First Avenue Transformed Into A Sold Out “Better Oblivion Community Center”


There’s always something special about walking into a sold out show at First Ave. When Better Oblivion Community Center announced their tour, they were set to play at the Fine Line Cafe, but sold out so quickly that the show was moved to First Avenue… and then sold out again almost immediately. So, clearly, everyone who was in the building for this event was excited to be there. 

The show was 18+, but it did feel like the majority of the audience was very close that 18 years old mark… so I felt especially old as I walked in and made a beeline for the merch table. The designs of all of the shirts available were impeccably clever, and I had to make myself walk away after just one purchase so I didn’t spend my rent money on band shirts.

After putting my wallet away, I struggled with the ever-present question of where to stand. I opted for the balcony, planted my feet firmly in the best spot I could find, and vowed not to move from that spot until I had heard every Better Oblivion Community Center song live.

First up was Christian Lee Hutson, americana singer from Los Angeles. I had heard lots of hype around him over the last few weeks, so I was very excited to see him perform- and I wasn’t disappointed. To be honest, he was exactly the type of musician I would want to hear upon entering a super crowded venue. The second I got home, I found myself looking up his music on Youtube, and I haven’t stopped listening since.

Next up was Lala Lala, straight out of Chicago. They’ve played Minneapolis a few times recently, so it was no surprise that the crowd knew lots of their music already. Lala Lala’s set felt short and sweet, but I could have listened for hours more.

The setup time for BOCC felt like hours, and any time there was a lull in the house music that was playing over the speakers as we waited, the crowd erupted into roaring applause, just in case it was time. Finally, at 10:00 on the dot, First Ave’s screen started retracting and the stage lit up with the shape of a building in the background, clearly this was the Better Oblivion Community Center. There were intricate glowing markings all over it, and “It Will End In Tears” scribbled right at the top of the roof. The lighting all night was intense and beautiful, and catered well to each individual song played.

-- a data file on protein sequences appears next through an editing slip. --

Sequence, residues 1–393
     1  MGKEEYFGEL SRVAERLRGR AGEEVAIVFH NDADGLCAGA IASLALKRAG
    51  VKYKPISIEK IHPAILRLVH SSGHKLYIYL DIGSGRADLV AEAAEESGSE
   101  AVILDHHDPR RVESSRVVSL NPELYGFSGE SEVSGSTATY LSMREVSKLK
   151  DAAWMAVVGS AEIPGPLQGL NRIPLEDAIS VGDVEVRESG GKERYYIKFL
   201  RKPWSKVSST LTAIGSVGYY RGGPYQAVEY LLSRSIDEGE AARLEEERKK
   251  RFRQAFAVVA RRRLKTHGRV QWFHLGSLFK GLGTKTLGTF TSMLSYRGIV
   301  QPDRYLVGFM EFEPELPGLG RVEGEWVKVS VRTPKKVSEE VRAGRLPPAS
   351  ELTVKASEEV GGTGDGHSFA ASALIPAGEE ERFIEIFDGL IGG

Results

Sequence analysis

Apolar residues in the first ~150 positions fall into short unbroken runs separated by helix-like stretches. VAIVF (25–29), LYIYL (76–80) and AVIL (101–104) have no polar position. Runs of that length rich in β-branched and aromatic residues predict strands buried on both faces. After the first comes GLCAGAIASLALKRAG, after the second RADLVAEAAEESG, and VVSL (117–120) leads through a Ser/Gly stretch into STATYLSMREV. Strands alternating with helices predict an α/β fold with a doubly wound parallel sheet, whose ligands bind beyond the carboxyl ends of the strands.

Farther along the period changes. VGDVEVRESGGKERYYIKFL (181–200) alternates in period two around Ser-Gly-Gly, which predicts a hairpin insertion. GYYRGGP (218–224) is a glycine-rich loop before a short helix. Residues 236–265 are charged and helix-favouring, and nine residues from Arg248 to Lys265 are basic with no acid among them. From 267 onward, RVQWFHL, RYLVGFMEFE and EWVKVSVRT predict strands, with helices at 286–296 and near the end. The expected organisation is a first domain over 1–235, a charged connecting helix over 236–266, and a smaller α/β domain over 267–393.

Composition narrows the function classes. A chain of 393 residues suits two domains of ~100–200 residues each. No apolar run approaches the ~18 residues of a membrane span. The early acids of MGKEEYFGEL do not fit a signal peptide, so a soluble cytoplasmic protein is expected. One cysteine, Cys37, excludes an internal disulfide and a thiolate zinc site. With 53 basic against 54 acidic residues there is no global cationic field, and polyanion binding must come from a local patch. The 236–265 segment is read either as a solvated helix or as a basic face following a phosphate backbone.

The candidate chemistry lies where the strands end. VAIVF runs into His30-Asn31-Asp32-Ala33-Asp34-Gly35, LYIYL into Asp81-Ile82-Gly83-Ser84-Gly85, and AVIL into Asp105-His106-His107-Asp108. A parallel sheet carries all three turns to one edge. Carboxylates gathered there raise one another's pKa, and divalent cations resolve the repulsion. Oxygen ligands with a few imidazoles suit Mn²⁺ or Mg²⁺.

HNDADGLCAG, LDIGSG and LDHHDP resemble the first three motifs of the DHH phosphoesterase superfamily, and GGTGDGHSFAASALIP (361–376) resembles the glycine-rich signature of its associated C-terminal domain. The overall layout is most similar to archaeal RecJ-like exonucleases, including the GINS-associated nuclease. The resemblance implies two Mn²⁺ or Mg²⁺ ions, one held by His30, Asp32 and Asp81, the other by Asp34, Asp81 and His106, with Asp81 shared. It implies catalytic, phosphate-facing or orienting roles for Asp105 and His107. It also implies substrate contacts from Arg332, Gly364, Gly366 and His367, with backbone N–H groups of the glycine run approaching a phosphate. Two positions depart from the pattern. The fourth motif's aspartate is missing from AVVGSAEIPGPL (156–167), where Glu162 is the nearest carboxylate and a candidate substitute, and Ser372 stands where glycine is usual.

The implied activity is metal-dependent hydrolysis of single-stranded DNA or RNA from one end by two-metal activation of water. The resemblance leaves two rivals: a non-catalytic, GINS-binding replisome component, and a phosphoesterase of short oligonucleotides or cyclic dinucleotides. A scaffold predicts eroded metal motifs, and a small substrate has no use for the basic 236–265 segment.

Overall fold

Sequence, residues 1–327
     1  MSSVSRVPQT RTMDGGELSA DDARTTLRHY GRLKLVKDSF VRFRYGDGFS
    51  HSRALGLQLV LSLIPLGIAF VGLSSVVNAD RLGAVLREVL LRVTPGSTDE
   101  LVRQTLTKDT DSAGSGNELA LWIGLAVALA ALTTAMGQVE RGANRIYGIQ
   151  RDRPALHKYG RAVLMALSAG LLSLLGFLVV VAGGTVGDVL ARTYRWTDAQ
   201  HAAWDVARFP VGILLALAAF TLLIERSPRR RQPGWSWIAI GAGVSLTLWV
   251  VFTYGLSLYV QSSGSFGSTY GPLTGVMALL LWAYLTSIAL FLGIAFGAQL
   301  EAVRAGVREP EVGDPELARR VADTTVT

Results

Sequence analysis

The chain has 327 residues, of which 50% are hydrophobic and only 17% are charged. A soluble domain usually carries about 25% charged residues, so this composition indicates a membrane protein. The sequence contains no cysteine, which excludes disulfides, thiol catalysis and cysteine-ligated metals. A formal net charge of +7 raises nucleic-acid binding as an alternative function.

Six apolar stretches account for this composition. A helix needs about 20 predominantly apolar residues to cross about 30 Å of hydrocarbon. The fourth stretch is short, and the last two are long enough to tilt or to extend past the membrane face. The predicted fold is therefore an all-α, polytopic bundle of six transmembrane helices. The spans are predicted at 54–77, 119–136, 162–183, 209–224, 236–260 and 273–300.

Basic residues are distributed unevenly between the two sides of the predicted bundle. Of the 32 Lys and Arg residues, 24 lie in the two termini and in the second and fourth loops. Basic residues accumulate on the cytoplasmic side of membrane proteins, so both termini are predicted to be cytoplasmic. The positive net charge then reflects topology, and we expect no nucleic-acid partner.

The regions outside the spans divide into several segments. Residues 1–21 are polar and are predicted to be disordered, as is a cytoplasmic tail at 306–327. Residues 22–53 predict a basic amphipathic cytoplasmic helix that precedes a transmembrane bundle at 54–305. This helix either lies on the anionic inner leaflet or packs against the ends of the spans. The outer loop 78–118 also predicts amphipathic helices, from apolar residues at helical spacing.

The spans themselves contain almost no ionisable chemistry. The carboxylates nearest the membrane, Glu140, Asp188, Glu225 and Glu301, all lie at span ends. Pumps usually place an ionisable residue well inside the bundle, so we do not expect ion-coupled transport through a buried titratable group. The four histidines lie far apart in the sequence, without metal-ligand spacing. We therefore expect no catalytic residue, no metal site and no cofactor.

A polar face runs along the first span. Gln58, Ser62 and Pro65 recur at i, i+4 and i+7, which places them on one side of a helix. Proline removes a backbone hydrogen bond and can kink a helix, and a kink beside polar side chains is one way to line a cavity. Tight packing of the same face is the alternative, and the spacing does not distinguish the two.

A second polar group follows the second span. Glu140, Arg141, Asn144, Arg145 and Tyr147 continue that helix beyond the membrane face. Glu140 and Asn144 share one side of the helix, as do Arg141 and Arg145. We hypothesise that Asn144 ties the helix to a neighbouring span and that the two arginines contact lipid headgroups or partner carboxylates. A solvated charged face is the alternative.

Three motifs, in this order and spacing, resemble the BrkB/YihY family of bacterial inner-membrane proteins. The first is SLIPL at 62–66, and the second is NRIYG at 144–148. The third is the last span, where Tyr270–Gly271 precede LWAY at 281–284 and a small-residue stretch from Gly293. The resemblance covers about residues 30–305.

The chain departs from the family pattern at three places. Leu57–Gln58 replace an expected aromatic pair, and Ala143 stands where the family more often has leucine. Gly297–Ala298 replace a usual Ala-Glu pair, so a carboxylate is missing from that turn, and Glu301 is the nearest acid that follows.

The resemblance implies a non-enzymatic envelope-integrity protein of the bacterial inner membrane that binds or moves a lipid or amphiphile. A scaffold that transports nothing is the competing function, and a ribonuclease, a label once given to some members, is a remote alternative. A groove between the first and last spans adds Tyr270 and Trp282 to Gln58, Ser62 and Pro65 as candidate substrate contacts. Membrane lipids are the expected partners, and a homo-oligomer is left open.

They opened up with “My City,” and spiraled into a set of all of their songs, and some amazing covers. Right after fan-favorite “Dylan Thomas,” came the first Bright Eyes song of the evening- “Bad Blood.” Hearing Phoebe Bridgers’ delicate vocals weave into a song I had been listening to for years brought a whole new life and beauty to the song. 

There wasn’t too much chatting from the stage during the set. There were “hello’s” and “thank you’s,” and Conor introduced their backing band and mentioned the merch table but was unsure of what was left, joking that he was really concerned about how much they had left and to just ask him if you needed anything in a different size. I told you those shirts were special!

My personal favorite Better Oblivion Community Center song that was played live was “Service Road,” which came about halfway through their set. It’s a slower paced song, and I found myself having to hold back tears but was proud that I made it through the song without real tears.

Those same tears came out, though, a few songs later when they covered Bright Eyes cult-classic “Lua.” Bridgers started the song out alone, her haunting voice setting the scene of the song perfectly. When Conor joined in, I was transported back to 2005 and became that super emo teen once again. I felt comfort in seeing some other people around me getting visibly emotional, too.

The chemistry between the two of them on stage was amazing. It was my first time seeing Phoebe Bridgers live, but I have seen Conor Oberst perform solo, with Bright Eyes, and with Desaparecidos (a very politically-charged and unfortunately still relevant project) and seeing him there, at First Ave, he seemed happier than ever before. It made me smile to see the man behind lots of the songs that have helped me find happiness and not feel alone look genuinely happy himself. 

They left and came back for an encore, where they started out with “Scott Street,” a Phoebe Bridgers solo song… which was possibly one of the most beautiful things I’ve ever heard performed live. The final song of the night was Dominos, which is also the final song on the Better Oblivion Community Center album.

Once the show was over, I lost all good judgement and went back to the merch table to spend all my money. I left feeling grateful for the warmest Friday we’ve had in months, and the opportunity to have seen my favorite new project live.